|The Minimum Spanning Tree - Prim's Algorithm|
|Written by Mike James|
|Thursday, 25 February 2016|
Page 3 of 4
Implementing Prim's algorithm
Now we have to move on to implement Prim's algorithm proper. As well as just implementing the method, an animated display will be used to show the paths as they are being considered for inclusion. Place a second button on the form and change its caption to "Find MST". It's click routine is simply
The work is all done by the prims function.
The first thing we need are two arrays to store the list of vertices that have been included and are still to be processed:
We also need another network array to hold the distances that form the minimum spanning tree:
Two integer variables are used to hold the start and finish node numbers of each path added to the tree:
The two arrays need to be initialised:
At the start of the algorithm all of the vertices are excluded, i.e. vertices 0 to size-1, and none of the vertices are included, i.e. all entries -1. Notice that -1 is used to flag the fact that there is no entry in the array.
The first point in the MST is selected at random:
Notice that the vertex that has been added to "included" has to be removed from "excluded" by setting that element to -1.
At last we can start the loop that finds the closest vertex to the currently included set and adds it to "included".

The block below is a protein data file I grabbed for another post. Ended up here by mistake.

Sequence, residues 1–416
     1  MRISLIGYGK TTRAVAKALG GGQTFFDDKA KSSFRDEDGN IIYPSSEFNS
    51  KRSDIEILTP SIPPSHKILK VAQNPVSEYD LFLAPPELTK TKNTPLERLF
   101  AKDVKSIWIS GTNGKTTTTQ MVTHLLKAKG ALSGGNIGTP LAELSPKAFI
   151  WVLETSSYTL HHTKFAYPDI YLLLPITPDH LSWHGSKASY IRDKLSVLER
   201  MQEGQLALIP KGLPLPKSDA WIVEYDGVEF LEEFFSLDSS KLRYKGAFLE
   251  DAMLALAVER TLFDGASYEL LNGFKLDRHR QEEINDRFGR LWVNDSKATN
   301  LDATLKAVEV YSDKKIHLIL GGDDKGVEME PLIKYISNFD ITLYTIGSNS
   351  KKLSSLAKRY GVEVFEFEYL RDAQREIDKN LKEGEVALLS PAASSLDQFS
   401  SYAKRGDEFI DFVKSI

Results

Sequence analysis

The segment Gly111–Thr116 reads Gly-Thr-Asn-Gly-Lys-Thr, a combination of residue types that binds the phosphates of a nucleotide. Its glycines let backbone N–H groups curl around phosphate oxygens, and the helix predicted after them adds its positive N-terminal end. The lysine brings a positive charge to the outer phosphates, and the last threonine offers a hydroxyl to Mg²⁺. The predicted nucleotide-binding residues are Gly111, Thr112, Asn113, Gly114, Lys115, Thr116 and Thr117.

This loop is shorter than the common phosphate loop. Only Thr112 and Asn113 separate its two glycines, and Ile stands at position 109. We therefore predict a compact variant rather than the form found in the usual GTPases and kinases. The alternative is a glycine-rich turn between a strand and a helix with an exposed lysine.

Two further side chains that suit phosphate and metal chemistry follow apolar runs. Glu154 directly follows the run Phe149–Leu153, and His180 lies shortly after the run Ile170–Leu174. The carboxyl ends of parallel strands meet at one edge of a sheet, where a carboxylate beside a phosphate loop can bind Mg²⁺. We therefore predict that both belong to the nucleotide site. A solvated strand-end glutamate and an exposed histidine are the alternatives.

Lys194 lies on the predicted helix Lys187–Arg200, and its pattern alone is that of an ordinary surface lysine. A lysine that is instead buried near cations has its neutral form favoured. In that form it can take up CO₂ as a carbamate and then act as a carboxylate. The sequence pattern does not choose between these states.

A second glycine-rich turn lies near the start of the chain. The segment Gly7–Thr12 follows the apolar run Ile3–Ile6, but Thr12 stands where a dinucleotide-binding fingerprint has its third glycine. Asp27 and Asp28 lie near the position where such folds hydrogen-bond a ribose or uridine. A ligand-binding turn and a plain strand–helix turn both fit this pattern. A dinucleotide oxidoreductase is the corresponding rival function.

where start and finish are the indices of the vertices of the path that is to be added to the tree. That is finish is the closest of the currently excluded vertices and start is the vertex in the included set it is closest to - adding the arc from start to finish to the MST.
To be clear, the function closest finds the closest vertex listed in the excluded array to any of the vertices listed in the included array.
The end point of the path is the new vertex that has to be added to the included set, i.e the vertex indexed by start is already in the included array:
and hence removed from the excluded set:
The distance associated with the path also has to be added to the "finished" array to indicate that it has to be drawn as part of the MST:
and the finished array has to be made symmetric just in case someone wants to make use of the upper triangle rather than the lower:
and finally we can show the finished MST:
All that is needed to complete the program is the "closest" function:
This is essentially a search loop for the smallest value but it has to take into account whether the vertex is valid or not. A vertex that isn't in the excluded list isn't valid and one with a zero distance isn't connected to the node in question and once again isn't valid. Apart from this complication each node in the excluded list is used to find the smallest distance.
If you put all of this together and run the program you will discover that not only can you generate random graphs but also their MSTs.
You can learn a great deal by watching it. If you press the "Find MST" button again the whole process is repeated from a different starting point. Notice that the MST isn't unique so if you discover that starting from a different vertex gives you a different MST this isn't an error.
You can add additional facilities to this program quite easily. For example, a display of the total length of the MST would be interesting and a slider control to modify the number of arcs would also be worth the effort. You could also animate the display to show the arcs being selected one at a time.
|Last Updated ( Thursday, 25 February 2016 )|